Emergency Vets in Frisco, TX

Looking for an emergency vet in Frisco, TX? Search for your nearest animal hospital below.

 


      List of Emergency Vets in Frisco, TX

      FAMILY FRIEND VETERINARY HOSPITAL

      ADDRESS: 3245 W. Main Street, Frisco TX 75034
      TEL: (469) 225-5885
      Dr. Elizabeth Rogers is a native of Fort Worth and a graduate of Texas A&M College of Veterinary Medicine. She has practiced as a veterinarian for 14 years, including 2 years at All Care Veterinary Hospital in Coppell and the last 12 years at Animal Medical Center of Plano. She is excited to start the next chapter in her life with Family Friends Veterinary Hospital.

      FRISCO VETERINARY CENTER

      ADDRESS: 8880 Main Street, Frisco TX 75033
      TEL: (972) 335-9825
      Our animal hospital was built to reduce stress for you and your pet, from our relaxing waiting lounge to our full-equipped patient rooms. Unlike other vets, you won’t feel stressed and frazzled as soon as you walk in the door. Once in one of our patient rooms, your pet will have time to settle into their new environment. We have everything we need in each of our exam rooms so we can perform just about any service your pet could need during their visit.

      BREEZEWAY VETERINARY SERVICE INC

      ADDRESS: 15118 King Road, Frisco TX 75034
      TEL: (972) 294-4838
      Dean Hansen D.V.M. is proud to serve the Little Elm, Frisco, The Colony and surrounding areas for everything pet related. Our Veterinary Clinic is family owned and operated since December of 1985. Our team is committed to educating our clients in how to keep your pets healthy year round, with good nutrition and exercise. Dean Hansen D.V.M. stays on top of the latest advances in veterinarian technology and above all, remembers that all animals and pets need to be treated with loving care in every check-up, procedure, or surgery.
      emergency vets in Texas

      TEXAS

      ABILENE // ALLEN // AMARILLO // ARLINGTON // AUSTIN // BAYTOWN // BEAUMONT // BROWNSVILLE // BRYAN // CARROLLTON // CEDAR PARK // COLLEGE STATION // CONROE // CORPUS CHRISTI // DALLAS // DENTON // EDINBURG // EL PASO // FLOWER MOUND // FORT WORTH // FRISCO // GARLAND // GEORGETOWN // HARLINGEN // HOUSTON // IRVING // KILLEEN // LAREDO // LEAGUE CITY // LONGVIEW // LUBBOCK // MANSFIELD // McALLEN // MCKINNEY // MESQUITE // MIDLAND // MISSION // MISSOURI CITY // NEW BRAUNFELS // NORTH RICHLAND HILLS // ODESSA // PASADENA // PEARLAND // PFLUGERVILLE // PHARR // PLANO // RICHARDSON // ROUND ROCK // ROWLETT // SAN ANGELO // SAN ANTONIO // SAN MARCOS // SUGAR LAND // TEMPLE // TYLER // VICTORIA // WACO // WICHITA FALLS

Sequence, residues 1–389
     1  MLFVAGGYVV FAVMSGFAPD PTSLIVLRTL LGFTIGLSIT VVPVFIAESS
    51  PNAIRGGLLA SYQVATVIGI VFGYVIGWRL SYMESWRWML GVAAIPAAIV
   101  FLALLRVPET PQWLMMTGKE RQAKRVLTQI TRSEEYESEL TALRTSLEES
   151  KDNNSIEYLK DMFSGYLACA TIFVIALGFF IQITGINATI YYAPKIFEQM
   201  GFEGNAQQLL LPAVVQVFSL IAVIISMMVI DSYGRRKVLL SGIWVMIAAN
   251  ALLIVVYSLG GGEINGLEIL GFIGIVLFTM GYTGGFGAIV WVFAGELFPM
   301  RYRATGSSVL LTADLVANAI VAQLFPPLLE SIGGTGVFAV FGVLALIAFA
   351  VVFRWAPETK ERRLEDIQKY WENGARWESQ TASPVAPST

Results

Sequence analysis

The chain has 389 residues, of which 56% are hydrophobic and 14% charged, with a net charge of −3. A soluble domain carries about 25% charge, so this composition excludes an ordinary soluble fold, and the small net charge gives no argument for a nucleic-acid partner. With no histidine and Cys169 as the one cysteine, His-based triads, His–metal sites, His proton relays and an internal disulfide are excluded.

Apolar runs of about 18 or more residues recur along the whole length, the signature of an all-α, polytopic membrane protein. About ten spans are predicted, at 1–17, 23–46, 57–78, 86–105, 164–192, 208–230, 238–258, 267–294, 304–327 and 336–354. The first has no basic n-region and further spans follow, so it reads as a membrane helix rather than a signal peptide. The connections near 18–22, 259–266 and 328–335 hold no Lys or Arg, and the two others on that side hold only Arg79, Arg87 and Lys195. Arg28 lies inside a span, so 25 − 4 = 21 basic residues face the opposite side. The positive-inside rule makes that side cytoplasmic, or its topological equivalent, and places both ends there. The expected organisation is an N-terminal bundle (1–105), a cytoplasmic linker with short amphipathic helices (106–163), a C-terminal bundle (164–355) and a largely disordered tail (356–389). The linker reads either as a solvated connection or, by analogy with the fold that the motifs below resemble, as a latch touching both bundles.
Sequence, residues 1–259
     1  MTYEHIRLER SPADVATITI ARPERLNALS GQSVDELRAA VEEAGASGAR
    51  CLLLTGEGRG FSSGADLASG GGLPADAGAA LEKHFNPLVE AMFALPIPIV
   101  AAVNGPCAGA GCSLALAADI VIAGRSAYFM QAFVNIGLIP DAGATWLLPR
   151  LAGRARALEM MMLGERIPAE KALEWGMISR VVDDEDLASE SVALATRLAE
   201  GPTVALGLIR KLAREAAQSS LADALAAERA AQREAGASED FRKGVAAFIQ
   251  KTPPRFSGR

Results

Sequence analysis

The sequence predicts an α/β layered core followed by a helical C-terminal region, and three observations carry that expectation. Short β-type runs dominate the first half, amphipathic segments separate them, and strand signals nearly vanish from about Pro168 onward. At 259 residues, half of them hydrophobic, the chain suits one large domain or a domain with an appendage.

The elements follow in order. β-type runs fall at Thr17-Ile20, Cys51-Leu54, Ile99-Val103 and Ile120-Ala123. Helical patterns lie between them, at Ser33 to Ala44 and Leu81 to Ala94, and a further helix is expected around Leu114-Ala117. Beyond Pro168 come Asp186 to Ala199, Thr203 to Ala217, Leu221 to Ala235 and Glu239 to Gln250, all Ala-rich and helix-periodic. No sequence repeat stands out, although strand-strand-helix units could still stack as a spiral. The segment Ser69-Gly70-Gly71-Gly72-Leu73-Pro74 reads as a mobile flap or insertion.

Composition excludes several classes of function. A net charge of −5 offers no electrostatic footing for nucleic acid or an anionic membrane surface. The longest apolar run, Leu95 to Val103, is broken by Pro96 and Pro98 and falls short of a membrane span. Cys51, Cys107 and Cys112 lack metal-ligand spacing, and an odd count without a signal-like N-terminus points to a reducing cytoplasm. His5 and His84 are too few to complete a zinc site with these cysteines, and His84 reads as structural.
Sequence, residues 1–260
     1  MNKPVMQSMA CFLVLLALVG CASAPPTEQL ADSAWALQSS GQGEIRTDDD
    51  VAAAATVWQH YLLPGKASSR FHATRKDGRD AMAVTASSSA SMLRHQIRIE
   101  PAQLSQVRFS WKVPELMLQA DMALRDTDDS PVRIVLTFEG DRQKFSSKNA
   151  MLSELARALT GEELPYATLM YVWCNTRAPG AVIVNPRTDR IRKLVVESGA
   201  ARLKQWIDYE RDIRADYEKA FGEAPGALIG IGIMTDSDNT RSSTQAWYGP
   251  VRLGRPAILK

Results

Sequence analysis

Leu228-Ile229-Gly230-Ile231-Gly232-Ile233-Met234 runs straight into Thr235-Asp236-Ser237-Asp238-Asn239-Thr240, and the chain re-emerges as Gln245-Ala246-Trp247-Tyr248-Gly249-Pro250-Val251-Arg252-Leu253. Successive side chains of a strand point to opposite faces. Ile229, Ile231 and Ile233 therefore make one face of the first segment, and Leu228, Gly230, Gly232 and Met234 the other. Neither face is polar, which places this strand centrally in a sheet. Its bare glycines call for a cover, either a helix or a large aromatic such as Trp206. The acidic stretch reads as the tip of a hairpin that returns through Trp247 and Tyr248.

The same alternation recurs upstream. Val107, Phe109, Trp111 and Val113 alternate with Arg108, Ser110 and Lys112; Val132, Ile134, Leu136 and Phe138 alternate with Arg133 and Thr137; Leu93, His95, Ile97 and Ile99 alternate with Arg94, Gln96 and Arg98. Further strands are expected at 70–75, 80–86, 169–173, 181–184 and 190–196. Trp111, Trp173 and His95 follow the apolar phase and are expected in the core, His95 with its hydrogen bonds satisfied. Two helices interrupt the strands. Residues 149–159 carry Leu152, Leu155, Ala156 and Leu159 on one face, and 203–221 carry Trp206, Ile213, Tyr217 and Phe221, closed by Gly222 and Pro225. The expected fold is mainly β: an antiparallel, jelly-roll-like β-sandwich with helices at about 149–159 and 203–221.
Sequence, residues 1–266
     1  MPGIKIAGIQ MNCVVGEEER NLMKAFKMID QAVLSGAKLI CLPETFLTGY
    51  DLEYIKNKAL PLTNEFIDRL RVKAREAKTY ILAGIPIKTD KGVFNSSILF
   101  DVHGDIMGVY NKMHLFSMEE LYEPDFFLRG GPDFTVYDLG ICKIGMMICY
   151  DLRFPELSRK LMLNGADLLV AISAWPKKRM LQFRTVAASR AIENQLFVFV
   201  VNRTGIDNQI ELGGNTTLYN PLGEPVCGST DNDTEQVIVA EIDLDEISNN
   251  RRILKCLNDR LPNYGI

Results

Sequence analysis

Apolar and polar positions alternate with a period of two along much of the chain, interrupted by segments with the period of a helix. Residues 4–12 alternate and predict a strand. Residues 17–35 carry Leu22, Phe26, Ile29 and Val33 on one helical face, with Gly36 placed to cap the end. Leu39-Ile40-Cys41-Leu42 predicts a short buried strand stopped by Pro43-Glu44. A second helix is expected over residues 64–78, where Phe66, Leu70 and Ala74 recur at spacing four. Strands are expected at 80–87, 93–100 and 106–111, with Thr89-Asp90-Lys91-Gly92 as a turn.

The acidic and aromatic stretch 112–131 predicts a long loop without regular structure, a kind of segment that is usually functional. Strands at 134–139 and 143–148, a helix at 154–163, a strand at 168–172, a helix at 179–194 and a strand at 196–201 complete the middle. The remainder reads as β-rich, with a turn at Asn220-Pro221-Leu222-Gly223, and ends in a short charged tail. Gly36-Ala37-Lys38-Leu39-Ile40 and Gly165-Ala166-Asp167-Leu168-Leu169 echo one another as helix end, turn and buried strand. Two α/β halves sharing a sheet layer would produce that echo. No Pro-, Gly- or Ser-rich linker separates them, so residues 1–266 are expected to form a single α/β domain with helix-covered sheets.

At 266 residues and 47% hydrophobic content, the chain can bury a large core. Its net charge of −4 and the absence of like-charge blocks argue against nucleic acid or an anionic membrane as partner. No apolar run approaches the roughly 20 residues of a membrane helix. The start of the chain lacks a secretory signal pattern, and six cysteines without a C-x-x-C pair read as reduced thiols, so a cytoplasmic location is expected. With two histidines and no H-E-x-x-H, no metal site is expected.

We cover over 1,700 major cities across all 50 states

      Signs Your Pet Needs Emergency Care

      Has your pet experienced some kind of trauma and in need in emergency care? Here are some of the signs to look when determining whether your pet needs an emergency vet:

      • Pale gums
      • Rapid breathing
      • Weak or rapid pulse
      • Change in body temperature
      • Difficulty standing
      • Apparent paralysis
      • Loss of consciousness
      • Seizures
      • Excessive bleeding

      How to Handle Your Injured Pet

      It is possible that your pet can act aggressively when they’ve been injured. It’s important to be careful how you handle them for their safety and your own.

      For Dogs:

      • Be calm and go slow when approaching.
      • If your dog appears aggressive, get someone to help you.
      • Fashion a makeshift stretcher and carefully lift your dog onto it.
      • Support their neck and back as you move them in case of spinal injuries.

      For Cats:

      • Cover your cats head gently with a towel, to prevent them from biting you.
      • Very carefully, lift your cat into its carrier or a box.
      • Support their neck and back as you move them in case of spinal injuries.

      First Aid Treatment At Home

      Depending on the situation, there are some actions you can take at home to stabilize your pet before transporting them to an emergency vet.

      Bleeding:

      • If your pet is bleeding externally due to a trauma, apply pressure to the wound quickly and hold it there.
      • If possible, elevate the injury.

      Choking:

      • If your pet is choking on a foreign object, put your fingers in their mouth and try to remove the blockage.
      • If you’re unable to remove the blockage, perform a modified version of the Heimlich maneuver by giving a sharp blow to their chest.

      CPR:

      • If your pet is unconscious and unresponsive, you may need to perform CPR.
      • First, check if your pet is breathing and if they have a heartbeat. If you cannot find either, start chest compressions.
      • Perform 30 chest compressions followed by two rescue breaths. Repeat this until your pet starts breathing on their own again.
      • To give a rescue breath, close your pets mouth and extend their neck to open the airway. Place your mouth over your pets nose and exhale until you see your pets chest rise.
      • Check for a heartbeat every 2 minutes.
      • Continue giving your pet CPR until you reach an emergency vet.